The Bible tells us that it is possible to drift away from what we had at first. This information comes to us in the form of a warning to a church who had lost the love she had when she first came to Christ in tears and pain, guilt and shame, fear and repentance (Rev. 2:4). In Hebrews 3:13 we hear a warning against allowing the deceitfulness of sin to cause our hearts to drift away from faith in Christ. I take it from the context that this drift is a subtle and simple thing. We take our eyes off Christ for a few “safe” moments and soon without even noticing it we are so far away we can’t remember what it was like to rest in his love. We start out by admiring a charismatic non-Christian friend, or by being drawn to something they own. We open ourselves up to a small bit of , envy, or covetousness. It’s hardly anything to take notice of. Surely God won’t mind if you indulge yourself this little thrill. It’s such a small thing.
But one day you realize that though you used to spend hours in the presence of God; reading his word, talking with the saints, singing songs, filled with joy, you are now not just a little bit unhappy, angry, filled with fear, and empty inside,. You’ve slid away from your first love. You’ve drifted from the faith you first received, you are in danger of being cut off for your unbelief. You may fear that you don’t know the way back.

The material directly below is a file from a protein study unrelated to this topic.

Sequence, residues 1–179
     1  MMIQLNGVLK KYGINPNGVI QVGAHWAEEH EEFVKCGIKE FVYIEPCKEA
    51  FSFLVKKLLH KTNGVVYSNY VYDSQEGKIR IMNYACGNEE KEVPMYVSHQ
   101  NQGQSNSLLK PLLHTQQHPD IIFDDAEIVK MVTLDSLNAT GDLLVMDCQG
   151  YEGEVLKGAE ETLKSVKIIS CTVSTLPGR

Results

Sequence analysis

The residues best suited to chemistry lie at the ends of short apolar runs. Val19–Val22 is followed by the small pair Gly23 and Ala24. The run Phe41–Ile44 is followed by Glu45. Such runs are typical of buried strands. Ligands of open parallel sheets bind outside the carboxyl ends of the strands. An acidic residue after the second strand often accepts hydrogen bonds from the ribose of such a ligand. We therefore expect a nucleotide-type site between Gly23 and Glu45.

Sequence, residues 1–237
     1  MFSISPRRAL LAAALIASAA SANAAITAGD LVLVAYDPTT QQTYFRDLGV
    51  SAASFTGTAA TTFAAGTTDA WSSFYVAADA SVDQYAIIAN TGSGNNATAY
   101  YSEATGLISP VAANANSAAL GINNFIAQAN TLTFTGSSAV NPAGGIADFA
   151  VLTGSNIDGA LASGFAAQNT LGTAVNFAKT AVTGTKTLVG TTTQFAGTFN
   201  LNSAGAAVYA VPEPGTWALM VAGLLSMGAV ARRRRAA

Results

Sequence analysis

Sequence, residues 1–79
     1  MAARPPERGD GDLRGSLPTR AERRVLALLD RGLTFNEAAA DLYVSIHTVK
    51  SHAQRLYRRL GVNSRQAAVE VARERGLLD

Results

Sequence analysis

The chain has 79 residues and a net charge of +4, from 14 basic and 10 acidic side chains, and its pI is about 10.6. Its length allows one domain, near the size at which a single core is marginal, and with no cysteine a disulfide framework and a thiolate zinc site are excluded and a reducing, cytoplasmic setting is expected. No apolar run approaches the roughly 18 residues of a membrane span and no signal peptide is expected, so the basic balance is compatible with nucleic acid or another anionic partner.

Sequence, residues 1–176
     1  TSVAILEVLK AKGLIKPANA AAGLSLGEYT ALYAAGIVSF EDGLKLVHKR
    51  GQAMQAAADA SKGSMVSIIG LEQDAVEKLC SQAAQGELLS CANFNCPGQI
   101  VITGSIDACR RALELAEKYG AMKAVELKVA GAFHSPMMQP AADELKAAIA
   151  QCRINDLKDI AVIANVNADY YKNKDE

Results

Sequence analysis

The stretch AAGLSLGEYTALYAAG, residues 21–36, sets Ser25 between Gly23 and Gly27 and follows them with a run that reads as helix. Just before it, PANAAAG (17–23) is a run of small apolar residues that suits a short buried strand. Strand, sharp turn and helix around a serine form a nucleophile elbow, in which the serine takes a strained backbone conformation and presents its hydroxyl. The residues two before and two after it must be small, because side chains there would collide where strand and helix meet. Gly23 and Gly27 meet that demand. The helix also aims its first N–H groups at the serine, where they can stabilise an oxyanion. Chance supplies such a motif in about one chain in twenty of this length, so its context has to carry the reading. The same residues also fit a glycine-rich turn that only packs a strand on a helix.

The author of Hebrews goes on to tell us, however, that we have an advocate with the father who has been tempted in all the same ways we have. We can see from his experience that suffering temptations is God’s way of making us mature and suitable, holy and perfect. If he caused his son to be made perfect through suffering, how much more so will he use our sufferings to make us who we ought to be.
But more than this, this advocate is also the one who paid the penalty for our sins. And it is because he is a perfect sacrifice that he is able to intercede on our behalf. And since we have such a one, we are called to enter boldly into the throne room of God and ask for mercy and grace in our time of need.